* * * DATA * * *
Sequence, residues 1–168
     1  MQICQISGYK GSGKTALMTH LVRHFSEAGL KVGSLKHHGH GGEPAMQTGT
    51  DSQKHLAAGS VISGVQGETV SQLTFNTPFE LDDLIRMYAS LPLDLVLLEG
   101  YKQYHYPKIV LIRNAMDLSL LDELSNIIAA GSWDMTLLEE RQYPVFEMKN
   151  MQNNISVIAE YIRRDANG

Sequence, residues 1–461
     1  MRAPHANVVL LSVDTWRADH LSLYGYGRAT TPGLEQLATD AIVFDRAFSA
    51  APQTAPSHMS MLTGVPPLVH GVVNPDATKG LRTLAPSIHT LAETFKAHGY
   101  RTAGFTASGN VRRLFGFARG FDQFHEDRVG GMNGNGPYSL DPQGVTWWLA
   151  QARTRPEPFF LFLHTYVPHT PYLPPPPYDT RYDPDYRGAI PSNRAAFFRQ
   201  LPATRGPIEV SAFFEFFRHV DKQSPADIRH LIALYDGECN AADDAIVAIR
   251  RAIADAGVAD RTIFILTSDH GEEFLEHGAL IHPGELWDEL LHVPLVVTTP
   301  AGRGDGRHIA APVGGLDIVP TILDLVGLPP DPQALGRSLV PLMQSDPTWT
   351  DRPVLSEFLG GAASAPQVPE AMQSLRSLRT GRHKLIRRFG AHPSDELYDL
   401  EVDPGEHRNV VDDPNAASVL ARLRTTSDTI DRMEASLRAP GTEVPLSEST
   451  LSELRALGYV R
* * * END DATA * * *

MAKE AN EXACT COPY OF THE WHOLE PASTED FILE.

Sequence, residues 1–168
     1  MQICQISGYK GSGKTALMTH LVRHFSEAGL KVGSLKHHGH GGEPAMQTGT
    51  DSQKHLAAGS VISGVQGETV SQLTFNTPFE LDDLIRMYAS LPLDLVLLEG
   101  YKQYHYPKIV LIRNAMDLSL LDELSNIIAA GSWDMTLLEE RQYPVFEMKN
   151  MQNNISVIAE YIRRDANG

Sequence, residues 1–461
     1  MRAPHANVVL LSVDTWRADH LSLYGYGRAT TPGLEQLATD AIVFDRAFSA
    51  APQTAPSHMS MLTGVPPLVH GVVNPDATKG LRTLAPSIHT LAETFKAHGY
   101  RTAGFTASGN VRRLFGFARG FDQFHEDRVG GMNGNGPYSL DPQGVTWWLA
   151  QARTRPEPFF LFLHTYVPHT PYLPPPPYDT RYDPDYRGAI PSNRAAFFRQ
   201  LPATRGPIEV SAFFEFFRHV DKQSPADIRH LIALYDGECN AADDAIVAIR
   251  RAIADAGVAD RTIFILTSDH GEEFLEHGAL IHPGELWDEL LHVPLVVTTP
   301  AGRGDGRHIA APVGGLDIVP TILDLVGLPP DPQALGRSLV PLMQSDPTWT
   351  DRPVLSEFLG GAASAPQVPE AMQSLRSLRT GRHKLIRRFG AHPSDELYDL
   401  EVDPGEHRNV VDDPNAASVL ARLRTTSDTI DRMEASLRAP GTEVPLSEST
   451  LSELRALGYV R